Wimbledon is here again and while the country goes tennis mad and the fans pile onto Henman Hill with strawberries and cream, British number 1 seed, Andy Murray, has turned Japanese for winning form.
Murray is hoping for his first gram slam win at Wimbledon 2009 and credits scoffing vast amounts of sushi for helping him bulk up and reach number three in the world rankings.
Murray has been singing the praises of sushi for the last couple of years and has had to eat a massive 6,000 calories a day to stay in shape for this grand slam season.
Murray recently told the Daily Telegraph, "In December, the greatest number of sushi pieces I ate in one sitting was 24. But that's not actually that many - I've had more in one sitting in the past.
"I'm not bored of sushi yet and Japanese food is my favourite food."
In fact, Murray claims to eat 42 pieces of sushi for dinner on a regular basis. That is a massive amount for you or me, but it has obviously done the trick as Murray has shot up the rankings in the last 12 months and is a serious contender to beat reigning champion and word number 1, Rafael Nadal and grass court wizard, Rodger Federer.
I will be checking to see if Murray is munching on maki rolls and nigiri at his post match press conferences, like he did after his dramatic five-set win over Richard Gasquet in the fourth round of Wimbledon 2008.
Murray is not the only sportsman to enjoy the benefits of a sushi diet, in fact, the Australian Institute of Sport recommends sushi for all its athletes. Pro skateboarder Tony Hawk and US baseball player Alex Rodriguez are sushi lovers and David Beckham is often photographed dining out on sushi at London restaurant, Nobu with Posh Spice.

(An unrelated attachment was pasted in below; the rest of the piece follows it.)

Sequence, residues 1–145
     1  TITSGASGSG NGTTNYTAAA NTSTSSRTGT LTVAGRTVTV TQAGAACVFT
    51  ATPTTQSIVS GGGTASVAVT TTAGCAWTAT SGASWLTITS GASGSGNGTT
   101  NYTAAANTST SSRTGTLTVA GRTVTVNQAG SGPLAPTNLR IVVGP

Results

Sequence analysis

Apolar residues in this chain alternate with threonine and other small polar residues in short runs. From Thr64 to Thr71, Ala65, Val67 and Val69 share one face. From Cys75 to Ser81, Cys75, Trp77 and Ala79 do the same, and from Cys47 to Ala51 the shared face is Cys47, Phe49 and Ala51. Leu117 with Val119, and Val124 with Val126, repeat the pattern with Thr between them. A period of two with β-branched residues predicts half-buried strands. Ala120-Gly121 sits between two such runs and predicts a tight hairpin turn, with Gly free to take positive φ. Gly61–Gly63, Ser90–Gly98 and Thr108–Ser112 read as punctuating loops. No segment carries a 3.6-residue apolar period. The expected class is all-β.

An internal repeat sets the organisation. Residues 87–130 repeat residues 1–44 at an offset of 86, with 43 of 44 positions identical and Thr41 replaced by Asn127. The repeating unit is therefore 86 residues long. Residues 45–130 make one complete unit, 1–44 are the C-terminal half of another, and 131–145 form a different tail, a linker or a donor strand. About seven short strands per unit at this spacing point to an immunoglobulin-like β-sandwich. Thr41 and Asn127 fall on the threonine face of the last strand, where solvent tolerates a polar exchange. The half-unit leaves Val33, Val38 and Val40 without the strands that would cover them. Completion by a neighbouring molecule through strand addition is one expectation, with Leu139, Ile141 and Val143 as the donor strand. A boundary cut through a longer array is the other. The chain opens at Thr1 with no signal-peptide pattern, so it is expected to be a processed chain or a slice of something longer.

The health benefits are well known - sushi boosts energy and fitness and helps a healthy heart as it is low in saturated fat and cholesterol. Fish is a lean, low-calorie source of protein and Omega-3 and nori seaweed sheets are packed with essential minerals to support a healthy diet and build strength.
One thing's for sure, us sushi lovers have a staggering variety to choose from. Andy Murray has been filling up on maki hand rolls, nigiri, inari sushi with fish, meat, vegetables, egg, tofu it's no wonder he isn't bored of Japanese food yet.
Tennis burns lots of calories and men's championship matches often run to five sets over several hours so Murray will need to keep eating those sushi rolls to get the energy boosts he needs to fire off serves and smash shots from the baseline.
So as you settle down to watch the action on Centre Court, if Andy Murray does become the first Brit to win the men's single's Championship at Wimbledon since Fred Perry in 1936, remember he is powered by sushi.